Leading up to the trip, I ruminated on the word “abundance,” asking hard questions to myself and to God and to people close to me. “What does it mean to live an abundant life?” and “My life is good and I’m grateful, but it also feels empty. Am I living from a place of abundance?”
These are big questions, and they may sound confusing, but to me they were pressing at deeper matters: I wasn’t content with how I had been living for the past eight months. I was merely surviving. And while it was fun a lot of the time, I wasn’t thriving. I felt stagnant, selfish.
I hoped the Camino would change all of that.
(Spoiler alert: It didn’t, necessarily. A jolting interruption of normal life to walk a pilgrimage may be life changing and a big deal, but it doesn’t mean everything realigns in real life. There’s still hard work and a shifting of thought patterns that needs to happen, and that can take a long time.)
It was our first day on the path—you find your way by looking for yellow arrows and signs of seashells—and already blisters had begun to form. My boots weren’t broken in enough, and after a couple miles, the only way I could walk was by gingerly limping. To be upset about blisters sounds somewhat petty, but on the Camino, it’s a big deal. Your feet are everything, they’re your lifeline.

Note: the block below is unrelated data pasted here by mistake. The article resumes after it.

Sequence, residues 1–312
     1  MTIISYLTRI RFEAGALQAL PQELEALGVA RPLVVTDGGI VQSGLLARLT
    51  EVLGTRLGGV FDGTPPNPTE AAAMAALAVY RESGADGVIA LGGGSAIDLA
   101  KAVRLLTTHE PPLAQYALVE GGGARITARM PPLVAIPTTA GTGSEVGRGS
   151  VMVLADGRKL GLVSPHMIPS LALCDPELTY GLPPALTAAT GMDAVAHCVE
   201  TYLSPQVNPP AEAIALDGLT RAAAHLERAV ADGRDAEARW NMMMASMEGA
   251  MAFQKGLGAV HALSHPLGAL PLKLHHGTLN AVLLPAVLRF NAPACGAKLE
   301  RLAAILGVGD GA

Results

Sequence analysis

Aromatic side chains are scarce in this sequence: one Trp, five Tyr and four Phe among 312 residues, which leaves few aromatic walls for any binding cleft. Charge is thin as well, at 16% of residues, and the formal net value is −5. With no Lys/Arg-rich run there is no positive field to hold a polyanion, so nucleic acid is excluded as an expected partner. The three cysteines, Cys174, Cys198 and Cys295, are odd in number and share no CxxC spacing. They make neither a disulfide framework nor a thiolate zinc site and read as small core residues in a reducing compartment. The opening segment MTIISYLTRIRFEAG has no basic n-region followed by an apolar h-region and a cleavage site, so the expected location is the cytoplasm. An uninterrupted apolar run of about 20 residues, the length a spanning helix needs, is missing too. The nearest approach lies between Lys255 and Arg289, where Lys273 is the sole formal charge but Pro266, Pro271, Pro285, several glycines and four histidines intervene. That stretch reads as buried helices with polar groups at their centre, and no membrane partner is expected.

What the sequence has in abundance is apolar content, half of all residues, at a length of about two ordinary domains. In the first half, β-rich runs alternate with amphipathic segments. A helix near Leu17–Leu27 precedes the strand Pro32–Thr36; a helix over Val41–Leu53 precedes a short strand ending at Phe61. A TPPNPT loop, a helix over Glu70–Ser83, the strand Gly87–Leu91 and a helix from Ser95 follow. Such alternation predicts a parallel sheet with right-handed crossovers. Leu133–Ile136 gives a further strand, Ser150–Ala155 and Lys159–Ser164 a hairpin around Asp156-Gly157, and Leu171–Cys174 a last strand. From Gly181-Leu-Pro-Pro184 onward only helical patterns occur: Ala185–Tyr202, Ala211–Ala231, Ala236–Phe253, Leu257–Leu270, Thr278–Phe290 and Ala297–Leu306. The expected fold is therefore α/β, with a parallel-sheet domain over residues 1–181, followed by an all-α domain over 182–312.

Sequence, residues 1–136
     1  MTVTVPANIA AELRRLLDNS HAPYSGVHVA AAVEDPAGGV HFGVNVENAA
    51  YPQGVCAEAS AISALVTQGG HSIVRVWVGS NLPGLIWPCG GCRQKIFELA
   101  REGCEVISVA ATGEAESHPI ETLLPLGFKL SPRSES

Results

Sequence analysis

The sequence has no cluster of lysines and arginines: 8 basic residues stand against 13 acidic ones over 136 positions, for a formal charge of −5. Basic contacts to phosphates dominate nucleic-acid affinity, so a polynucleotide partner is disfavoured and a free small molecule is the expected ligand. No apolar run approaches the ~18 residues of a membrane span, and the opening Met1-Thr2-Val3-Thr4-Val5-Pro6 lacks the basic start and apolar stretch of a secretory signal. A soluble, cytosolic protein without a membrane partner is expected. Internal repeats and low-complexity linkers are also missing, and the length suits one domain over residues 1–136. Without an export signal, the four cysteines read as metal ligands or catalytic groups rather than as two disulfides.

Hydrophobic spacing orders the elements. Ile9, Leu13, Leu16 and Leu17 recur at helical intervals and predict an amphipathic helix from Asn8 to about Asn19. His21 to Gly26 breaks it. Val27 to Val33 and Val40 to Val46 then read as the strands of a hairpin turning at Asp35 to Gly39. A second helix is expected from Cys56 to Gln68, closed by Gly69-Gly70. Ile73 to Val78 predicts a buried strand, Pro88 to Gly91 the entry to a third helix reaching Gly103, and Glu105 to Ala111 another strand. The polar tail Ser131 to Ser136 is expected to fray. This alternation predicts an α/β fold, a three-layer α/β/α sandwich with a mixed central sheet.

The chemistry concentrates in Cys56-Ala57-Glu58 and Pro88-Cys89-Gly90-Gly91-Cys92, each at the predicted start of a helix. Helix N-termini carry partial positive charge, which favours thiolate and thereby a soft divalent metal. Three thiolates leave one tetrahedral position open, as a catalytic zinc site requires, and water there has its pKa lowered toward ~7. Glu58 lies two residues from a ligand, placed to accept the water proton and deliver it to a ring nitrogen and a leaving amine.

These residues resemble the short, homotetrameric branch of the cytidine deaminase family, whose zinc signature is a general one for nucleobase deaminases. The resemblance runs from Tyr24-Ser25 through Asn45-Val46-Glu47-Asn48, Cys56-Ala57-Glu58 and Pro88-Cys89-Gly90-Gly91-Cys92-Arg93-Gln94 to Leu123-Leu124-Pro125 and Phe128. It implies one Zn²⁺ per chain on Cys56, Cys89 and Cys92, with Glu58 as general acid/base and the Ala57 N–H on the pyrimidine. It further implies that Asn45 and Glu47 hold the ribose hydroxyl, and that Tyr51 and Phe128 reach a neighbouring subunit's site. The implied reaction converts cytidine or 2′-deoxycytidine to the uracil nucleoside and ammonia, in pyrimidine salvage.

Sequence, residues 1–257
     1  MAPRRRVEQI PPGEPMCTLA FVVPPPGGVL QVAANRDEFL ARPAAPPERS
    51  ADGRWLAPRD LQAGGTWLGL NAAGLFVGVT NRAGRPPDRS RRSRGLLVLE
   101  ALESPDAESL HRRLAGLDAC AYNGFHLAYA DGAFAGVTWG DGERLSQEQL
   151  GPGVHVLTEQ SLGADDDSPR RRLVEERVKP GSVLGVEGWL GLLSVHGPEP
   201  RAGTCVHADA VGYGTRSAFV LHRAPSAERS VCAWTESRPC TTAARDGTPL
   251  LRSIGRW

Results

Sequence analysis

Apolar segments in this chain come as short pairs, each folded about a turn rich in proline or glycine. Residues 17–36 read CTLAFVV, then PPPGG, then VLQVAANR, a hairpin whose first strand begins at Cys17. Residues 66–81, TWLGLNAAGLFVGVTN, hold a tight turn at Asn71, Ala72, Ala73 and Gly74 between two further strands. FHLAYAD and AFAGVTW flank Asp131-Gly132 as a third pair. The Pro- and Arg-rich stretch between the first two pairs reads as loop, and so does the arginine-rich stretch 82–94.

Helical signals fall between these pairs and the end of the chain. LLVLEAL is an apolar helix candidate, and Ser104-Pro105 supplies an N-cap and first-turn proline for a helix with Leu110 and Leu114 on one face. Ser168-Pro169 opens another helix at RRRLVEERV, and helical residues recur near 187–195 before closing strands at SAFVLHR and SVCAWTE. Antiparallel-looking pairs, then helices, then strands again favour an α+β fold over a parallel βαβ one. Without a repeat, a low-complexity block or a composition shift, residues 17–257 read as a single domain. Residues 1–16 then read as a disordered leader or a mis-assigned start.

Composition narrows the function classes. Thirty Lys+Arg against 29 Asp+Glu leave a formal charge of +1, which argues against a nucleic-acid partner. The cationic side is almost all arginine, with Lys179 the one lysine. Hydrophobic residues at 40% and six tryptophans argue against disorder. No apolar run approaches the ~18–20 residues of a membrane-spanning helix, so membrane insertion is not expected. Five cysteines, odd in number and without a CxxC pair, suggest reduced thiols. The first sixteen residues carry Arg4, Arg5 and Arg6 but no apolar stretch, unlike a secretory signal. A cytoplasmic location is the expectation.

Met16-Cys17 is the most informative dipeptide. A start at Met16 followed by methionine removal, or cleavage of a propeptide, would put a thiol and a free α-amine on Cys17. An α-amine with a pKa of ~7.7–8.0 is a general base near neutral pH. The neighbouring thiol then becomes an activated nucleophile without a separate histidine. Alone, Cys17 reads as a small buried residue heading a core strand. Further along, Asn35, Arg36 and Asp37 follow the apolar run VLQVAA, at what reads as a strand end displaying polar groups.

My friend Danica and I stopped to take a water break (and rest my screaming feet) around lunch time. A woman we’d passed earlier in the morning caught up to us and began a conversation. She was an American who lived in New Zealand. Her story was a unique one to be sure, and she was a tad crazy (but to be fair, anyone choosing to do the Camino has to be a little out of their mind). We got wrapped up into eating lunch with her and eventually walked the rest of the day’s route with her.
She was doing the Camino, for one reason she said, because she is able to walk. Having undergone major hip surgery, it was a miracle for her to be able to walk so normal and confident—”so why not walk the Camino?” she said.
If that were my story and it truly was incredible for me to walk, I’d be grateful and joyous too. But to the lengths of walking 500 hundred miles in Spain? No thanks. My reasoning had to be deeper than literal walking. I had an agenda after all: find answers, throw away skepticism, and leave with abundance.
As I hobbled along, we talked about everything: her hip surgery, dance songs she was into (she had no shy bone and threw out some moves), where we were from in the States. And then: “So are you guys religious?”
I was wondering if it would come up.
Danica and I explained that we believe in God. I shared why I chose to do the Camino in what I thought was a quiet humbleness emphasizing grace. But when a human is hurting—when a human is hard on herself—others notice. Humans are all too familiar with pain, with the strain in a voice or the phrases tossed around to make a situation sound better. Even though this woman didn’t share our beliefs, she certainly picked up what I was definitely not trying to throw out.